Living Crop Museum


Wilmington College 2005 

 Cereal Grain Crops

Common Name:


Latin Name:

Zea mays


Mo17 inbred

Crop Origin:

Central America


Annual grain

Date Planted:

19 May, 2005

Growth Stages in Ohio

Corn Mo17 Jan 1 06.JPG (3667716 bytes) Corn Mo17 feb 6 06.JPG (2097227 bytes) Corn Mo17 March 4 06.JPG (3703324 bytes) Corn Mo17 Apr 4 06.JPG (3802234 bytes) Corn Mo17 May 5 06.JPG (3258204 bytes) Corn Mo17 3 June 05.JPG (3342485 bytes)
January February March April May June
Corn Mo17 1 July 05.JPG (3908129 bytes) Corn Mo17 7aug05.JPG (2770973 bytes) Corn Mo17 3 sep 05.JPG (2975936 bytes) Corn Mo17 1 oct 05.JPG (3039673 bytes) Corn Mo17 4 Nov 05.JPG (3524131 bytes) Corn Mo17 2 dec 05.JPG (3985630 bytes)
July August


October November December

Donated by USDA, ARS, NCRPIS

Cultivation in Ohio

Primary Uses:

Hybrid parent


Plant between April 15 and May 10 in Ohio.  Plant to a depth of 1.5 to 2 inches.  

 Seeding Rate:

Actual seeding rate depends on the variety, soil type and yield goals.  Most varieties yield best between 22,000-30,000 plants/acre.  A general figure often used is 26,000 plants/acre.


Soil pH should be at least 6.5 or above.  Corn uses large amounts of Nitrogen.  The total amount applied depends on yield goals and overall management.  For 120 bu/acre yield, about 140 lbs. N/acre should be applied.  For 160 bu/acre yield, about 190 lbs N/acre should be applied.  Depending on economics of application, it is best to apply N in split applications, with a small amount at planting and the remainder sidedressed before the 10 week after planting.  Application of P and K should follow soil test recommendations.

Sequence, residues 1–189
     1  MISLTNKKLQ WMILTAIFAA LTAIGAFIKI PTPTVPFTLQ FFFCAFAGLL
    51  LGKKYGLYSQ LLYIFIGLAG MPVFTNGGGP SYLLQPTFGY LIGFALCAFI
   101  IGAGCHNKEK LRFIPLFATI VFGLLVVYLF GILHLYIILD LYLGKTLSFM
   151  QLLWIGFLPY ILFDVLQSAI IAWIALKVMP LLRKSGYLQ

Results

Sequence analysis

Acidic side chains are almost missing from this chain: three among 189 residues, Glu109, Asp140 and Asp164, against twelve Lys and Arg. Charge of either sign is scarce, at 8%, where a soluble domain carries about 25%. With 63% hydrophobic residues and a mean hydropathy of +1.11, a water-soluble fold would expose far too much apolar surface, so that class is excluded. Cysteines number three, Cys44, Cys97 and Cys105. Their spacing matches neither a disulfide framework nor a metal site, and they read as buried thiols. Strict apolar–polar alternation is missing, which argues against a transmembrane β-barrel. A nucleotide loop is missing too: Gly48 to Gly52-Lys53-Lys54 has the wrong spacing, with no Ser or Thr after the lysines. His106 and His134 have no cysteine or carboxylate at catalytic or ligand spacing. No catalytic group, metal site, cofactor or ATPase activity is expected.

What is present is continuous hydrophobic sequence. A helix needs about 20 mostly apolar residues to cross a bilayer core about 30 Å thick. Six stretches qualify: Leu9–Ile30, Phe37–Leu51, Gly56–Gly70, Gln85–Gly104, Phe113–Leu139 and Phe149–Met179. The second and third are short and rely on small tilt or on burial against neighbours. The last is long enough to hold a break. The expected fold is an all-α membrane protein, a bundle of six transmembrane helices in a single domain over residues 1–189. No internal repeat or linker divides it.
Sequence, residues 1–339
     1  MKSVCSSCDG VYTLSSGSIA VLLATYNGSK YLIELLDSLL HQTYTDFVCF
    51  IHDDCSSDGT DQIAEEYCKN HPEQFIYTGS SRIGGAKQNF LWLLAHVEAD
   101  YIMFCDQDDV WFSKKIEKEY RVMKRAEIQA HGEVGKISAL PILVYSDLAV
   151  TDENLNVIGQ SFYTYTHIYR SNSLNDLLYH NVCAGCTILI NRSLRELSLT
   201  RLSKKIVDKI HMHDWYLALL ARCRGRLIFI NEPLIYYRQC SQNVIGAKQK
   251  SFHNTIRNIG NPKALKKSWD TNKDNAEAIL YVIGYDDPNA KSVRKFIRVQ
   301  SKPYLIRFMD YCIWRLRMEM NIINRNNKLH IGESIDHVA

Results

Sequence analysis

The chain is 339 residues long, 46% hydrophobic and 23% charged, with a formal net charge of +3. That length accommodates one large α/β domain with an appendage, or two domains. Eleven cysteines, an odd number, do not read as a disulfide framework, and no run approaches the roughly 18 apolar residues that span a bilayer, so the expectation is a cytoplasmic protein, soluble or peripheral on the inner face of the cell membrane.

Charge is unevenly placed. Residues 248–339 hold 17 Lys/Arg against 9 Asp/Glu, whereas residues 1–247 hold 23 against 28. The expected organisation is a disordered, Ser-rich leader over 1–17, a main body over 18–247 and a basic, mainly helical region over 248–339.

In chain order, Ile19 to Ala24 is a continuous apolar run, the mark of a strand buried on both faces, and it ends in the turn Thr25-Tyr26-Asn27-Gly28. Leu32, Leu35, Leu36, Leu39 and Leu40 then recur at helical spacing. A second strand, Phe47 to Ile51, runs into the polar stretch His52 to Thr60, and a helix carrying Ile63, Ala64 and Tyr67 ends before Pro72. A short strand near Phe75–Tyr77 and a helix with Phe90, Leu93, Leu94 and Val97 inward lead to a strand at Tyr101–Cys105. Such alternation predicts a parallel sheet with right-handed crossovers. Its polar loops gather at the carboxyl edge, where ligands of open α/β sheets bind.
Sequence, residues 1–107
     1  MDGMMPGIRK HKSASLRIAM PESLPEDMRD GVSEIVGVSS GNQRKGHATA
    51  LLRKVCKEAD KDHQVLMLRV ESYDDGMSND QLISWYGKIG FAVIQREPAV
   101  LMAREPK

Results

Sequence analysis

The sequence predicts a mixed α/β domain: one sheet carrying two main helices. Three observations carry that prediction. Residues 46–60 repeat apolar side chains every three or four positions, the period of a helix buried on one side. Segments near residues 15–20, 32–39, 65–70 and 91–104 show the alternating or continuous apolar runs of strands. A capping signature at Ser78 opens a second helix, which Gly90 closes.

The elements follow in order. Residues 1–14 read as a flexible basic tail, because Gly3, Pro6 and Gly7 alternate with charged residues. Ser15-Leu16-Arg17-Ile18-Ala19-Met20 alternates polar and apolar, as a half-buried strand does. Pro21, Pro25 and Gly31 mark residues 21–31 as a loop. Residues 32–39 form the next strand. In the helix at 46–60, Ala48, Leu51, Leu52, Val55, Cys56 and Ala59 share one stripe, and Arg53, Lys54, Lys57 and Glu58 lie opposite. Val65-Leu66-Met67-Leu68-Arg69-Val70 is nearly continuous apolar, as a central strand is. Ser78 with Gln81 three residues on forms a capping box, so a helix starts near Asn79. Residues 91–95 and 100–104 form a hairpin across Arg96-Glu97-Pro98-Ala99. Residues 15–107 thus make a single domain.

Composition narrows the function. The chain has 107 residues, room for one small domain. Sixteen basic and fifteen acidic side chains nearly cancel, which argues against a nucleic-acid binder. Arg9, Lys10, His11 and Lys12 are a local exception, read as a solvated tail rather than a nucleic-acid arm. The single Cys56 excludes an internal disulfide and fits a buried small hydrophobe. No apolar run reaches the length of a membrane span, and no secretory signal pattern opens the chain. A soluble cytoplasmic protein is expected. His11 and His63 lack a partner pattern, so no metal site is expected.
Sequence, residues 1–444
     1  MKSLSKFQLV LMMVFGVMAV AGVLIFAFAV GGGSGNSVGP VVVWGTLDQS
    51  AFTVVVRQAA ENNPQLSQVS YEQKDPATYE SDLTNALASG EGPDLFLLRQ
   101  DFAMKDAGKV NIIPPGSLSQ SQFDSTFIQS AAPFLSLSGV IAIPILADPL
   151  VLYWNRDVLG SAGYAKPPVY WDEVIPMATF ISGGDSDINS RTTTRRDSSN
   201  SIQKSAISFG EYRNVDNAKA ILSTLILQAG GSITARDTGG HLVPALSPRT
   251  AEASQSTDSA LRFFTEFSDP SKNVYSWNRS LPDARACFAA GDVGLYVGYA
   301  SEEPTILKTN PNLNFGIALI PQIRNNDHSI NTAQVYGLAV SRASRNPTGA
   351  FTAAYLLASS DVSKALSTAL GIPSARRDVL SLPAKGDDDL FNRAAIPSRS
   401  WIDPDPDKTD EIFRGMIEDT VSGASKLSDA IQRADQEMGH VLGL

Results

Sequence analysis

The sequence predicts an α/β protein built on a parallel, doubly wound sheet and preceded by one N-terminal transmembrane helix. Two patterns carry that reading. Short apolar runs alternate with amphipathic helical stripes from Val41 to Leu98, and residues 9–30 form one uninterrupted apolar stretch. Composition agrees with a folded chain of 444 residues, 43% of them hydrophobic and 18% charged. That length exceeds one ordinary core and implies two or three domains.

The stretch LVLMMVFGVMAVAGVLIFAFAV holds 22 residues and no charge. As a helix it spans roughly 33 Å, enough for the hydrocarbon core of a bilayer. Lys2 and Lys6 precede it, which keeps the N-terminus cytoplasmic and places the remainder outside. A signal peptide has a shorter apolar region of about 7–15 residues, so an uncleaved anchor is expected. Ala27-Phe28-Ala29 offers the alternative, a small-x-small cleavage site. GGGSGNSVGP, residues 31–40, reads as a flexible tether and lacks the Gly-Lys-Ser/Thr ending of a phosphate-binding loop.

Insects causing problems at germination include seedcorn maggots, cutworms, grubs, and wireworms.  The European Corn Borer affects some fields from growth stage V8 and on.  Corn rootworm may also cause problems evidenced by lodging at growth stage V12.  Japanese Beetles may clip silks causing lowered pollination.  Aphids rarely cause economic losses.  Second brood European Corn Borers can be a problem by feeding on developing ears.  The most economical control is selection of resistant varieties.


Common Stalk Rots include Anthracnose, Giberella and Fusarium.  Leaf Blights include Northern Corn Leaf Blight, Grey Leaf Spot and Stewart's Wilt.  Virus diseases affecting corn include Maize Dwarf Mosaic and Maize Chlorotic Dwarf.  Ear and stalk rots occurring commonly in corn include Giberella, Diplodia and Fusarium.  The most economical control is selection of resistant varieties.


Shell corn with a combine when seed is mature and dry.  All field shelled corn with more than 15 percent moisture must be dried for safe storage.


Mo17 is an inbred line developed specifically to form hybrids. 



Corn_Mo17_leaf1.JPG (1693255 bytes) Corn_Mo17_ leaf2.JPG (1811992 bytes)


Corn_Mo17_tassel.JPG (1969953 bytes)


Corn_Mo17_seeds.JPG (2457052 bytes) Corn_Mo17_ear.jpg (744952 bytes)


cornmap.gif (16783 bytes)

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